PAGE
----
Update: The ministry of corporate affairs has said that the Competition Commission of India(CCI) is going to look into the anti-competitive conduct of online retailers. The retailers under scrutiny are Flipkart India, Amazon Seller Services, Vector e-commerce, Jasper Infotech and Xerion Retails. The government has also asked the serious fraud investigation office to file prosecution under the provisions of the Companies Act, 1956 and the Indian Penal Code against Goldquest International and its group company Questnet Enterprises and Abcindya Networks. The statement added that investigation reports with respect to Unipay2U group of companies and Speakasia Online are under examination. The department of consumer affairs is also considering inclusion of necessary safeguards for protection of rights of consumers of technology-based marketing e-commerce, telemarketing etc as part of the proposed amendment in the Consumer Protection Act, 1986. (Link here)
The Ministry of Finance said in a written reply to the Lok Sabha on Friday that only 9 complaints regarding fraud committed by e-commerce companies have been received by the Indian government, and action has been taken in each case. A copy of the government statement is included below.
Three observations, based on the Ministry’s statements:
1. The e-commerce industry is hiding its problems very well: warranties not being honored, fake goods, non-delivery of products, delivery of bricks, wood and empty boxes. It’s there, but not reported.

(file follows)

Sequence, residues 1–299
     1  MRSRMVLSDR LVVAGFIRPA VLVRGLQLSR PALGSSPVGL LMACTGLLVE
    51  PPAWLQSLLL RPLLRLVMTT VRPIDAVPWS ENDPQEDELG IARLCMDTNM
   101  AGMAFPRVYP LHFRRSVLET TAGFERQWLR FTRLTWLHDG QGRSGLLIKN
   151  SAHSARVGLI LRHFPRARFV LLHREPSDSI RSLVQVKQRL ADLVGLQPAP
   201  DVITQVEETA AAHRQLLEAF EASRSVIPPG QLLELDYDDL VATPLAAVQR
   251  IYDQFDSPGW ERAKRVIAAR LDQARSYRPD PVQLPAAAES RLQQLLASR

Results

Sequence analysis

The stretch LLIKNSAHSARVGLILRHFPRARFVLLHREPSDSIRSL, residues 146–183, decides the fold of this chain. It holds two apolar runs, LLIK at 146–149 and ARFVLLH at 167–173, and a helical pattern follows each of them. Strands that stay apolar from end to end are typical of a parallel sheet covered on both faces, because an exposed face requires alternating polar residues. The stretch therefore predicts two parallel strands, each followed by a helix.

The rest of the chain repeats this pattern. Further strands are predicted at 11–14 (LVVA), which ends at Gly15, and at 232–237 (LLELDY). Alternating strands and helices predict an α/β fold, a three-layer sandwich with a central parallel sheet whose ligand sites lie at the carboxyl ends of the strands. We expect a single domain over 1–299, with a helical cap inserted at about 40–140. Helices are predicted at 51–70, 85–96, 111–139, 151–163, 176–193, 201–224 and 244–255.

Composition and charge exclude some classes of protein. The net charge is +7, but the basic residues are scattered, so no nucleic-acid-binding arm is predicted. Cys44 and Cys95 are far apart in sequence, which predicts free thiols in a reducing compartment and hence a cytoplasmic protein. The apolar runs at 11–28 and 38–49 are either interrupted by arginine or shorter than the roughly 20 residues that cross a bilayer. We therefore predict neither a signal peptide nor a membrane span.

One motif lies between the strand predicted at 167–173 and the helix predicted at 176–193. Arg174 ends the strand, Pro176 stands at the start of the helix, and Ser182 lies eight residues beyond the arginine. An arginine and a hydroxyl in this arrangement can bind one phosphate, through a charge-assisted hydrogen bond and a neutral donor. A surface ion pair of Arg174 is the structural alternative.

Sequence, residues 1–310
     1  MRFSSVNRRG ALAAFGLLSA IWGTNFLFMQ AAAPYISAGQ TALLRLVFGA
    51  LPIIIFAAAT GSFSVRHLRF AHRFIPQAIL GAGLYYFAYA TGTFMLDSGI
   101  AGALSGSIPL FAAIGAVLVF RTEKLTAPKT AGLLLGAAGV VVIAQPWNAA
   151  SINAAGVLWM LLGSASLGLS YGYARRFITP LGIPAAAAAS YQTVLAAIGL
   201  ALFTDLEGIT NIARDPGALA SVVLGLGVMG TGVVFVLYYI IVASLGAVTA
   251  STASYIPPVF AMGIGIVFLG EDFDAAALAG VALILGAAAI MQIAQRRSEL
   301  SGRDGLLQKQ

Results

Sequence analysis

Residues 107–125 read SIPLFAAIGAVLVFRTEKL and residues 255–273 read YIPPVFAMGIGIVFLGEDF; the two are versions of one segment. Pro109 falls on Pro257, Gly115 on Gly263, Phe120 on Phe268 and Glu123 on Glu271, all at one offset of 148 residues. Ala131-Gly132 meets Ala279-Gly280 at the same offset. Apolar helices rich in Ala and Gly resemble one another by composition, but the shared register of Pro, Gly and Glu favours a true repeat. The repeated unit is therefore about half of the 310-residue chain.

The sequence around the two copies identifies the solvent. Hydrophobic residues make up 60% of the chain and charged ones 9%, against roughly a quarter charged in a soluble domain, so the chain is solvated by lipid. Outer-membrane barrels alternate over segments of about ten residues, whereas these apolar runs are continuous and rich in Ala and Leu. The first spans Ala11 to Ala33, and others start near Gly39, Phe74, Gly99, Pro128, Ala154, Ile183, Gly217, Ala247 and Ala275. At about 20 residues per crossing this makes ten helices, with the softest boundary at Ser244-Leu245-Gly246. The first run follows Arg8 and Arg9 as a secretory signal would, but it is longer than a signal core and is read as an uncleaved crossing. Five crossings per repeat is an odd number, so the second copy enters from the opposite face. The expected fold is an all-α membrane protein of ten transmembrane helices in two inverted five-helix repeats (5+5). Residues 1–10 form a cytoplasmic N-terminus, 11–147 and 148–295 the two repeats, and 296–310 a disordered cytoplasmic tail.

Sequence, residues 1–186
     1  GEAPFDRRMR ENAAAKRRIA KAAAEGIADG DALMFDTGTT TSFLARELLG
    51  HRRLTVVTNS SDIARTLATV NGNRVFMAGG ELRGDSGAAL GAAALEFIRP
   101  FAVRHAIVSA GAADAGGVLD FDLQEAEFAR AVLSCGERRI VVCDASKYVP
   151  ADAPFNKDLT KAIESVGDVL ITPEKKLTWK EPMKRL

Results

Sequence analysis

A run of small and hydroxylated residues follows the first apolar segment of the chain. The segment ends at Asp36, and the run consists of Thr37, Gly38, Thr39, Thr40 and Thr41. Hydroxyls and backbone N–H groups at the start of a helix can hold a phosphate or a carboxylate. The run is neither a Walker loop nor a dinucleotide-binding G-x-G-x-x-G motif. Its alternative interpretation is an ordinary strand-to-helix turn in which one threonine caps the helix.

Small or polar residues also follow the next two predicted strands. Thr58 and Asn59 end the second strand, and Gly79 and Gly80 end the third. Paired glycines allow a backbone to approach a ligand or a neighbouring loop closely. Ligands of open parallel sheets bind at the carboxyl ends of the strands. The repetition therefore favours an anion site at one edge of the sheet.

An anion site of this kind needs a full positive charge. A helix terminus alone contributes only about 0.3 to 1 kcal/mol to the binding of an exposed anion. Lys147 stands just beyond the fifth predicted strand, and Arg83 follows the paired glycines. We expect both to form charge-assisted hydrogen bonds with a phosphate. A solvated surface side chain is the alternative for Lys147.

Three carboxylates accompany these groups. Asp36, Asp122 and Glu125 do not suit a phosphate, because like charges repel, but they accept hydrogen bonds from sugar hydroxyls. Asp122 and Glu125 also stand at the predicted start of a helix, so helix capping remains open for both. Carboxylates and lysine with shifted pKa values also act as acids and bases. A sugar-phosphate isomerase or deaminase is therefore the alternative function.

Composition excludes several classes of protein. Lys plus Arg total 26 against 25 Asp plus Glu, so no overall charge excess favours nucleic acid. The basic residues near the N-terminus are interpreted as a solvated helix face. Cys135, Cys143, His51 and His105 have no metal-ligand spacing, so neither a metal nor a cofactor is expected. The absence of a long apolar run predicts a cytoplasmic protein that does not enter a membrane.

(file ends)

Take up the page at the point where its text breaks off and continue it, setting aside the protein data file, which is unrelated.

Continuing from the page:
2. The complaints mechanism must be broken: 9 complaints is a remarkably low number, given the number of complaints we see online about fake goods or goods not delivered. Some examples: here, here and especially the fake Rolex case, here. The list appears to be related to police complaints only, and even then, this is a remarkably small number. Do most people give up, or do e-commerce companies deal with the issue before someone can file a complaint?
3. Regulation is nigh, but not specifically for e-commerce: Just 9 complaints, and Minister of State for Finance, Jayant Sinha, appears to suggest that action can only be initiated when a case of fraud is registered by a Law Enforcement agency. Importantly, “the Government has also initiated steps for incorporating sufficient provisions for protection of consumers of online shopping/e-commerce under Consumer protection Act, 1986.” However, there is “no proposal for a separate regulatory framework for e-commerce under consideration.”
Note that given the lack of liability enjoyed by online marketplaces, consumers can be left in a regulatory no-mans-land. We’d explained that situation here.
Also read: our coverage of Consumer Protection issues related to E-Commerce.
Ministry of Finance on: Frauds Committed by E-Commerce (source)
Government have been receiving complaints regarding the frauds committed by e-commerce companies. The number of complaints registered and number of complaints on which action has been taken during the last two years, State-wise is as under:
Presently there is no proposal for a separate regulatory framework for e-commerce under consideration. Directorate of Enforcement conducts investigations under Foreign Exchange Management Act, 1999 (FEMA) and Prevention of Money Laundering Act, 2002 (PMLA). Such investigations are carried out as and when any credible information, including those relating to frauds committed by e-commerce companies, is received. Action under PMLA can be initiated in appropriate cases where a case of fraud by an e-commerce company is registered by some other Law Enforcement Agency. Keeping in view the increased number of online fraud/cheating cases, the Government has also initiated steps for incorporating sufficient provisions for protection of consumers of online shopping/e-commerce under Consumer protection Act, 1986.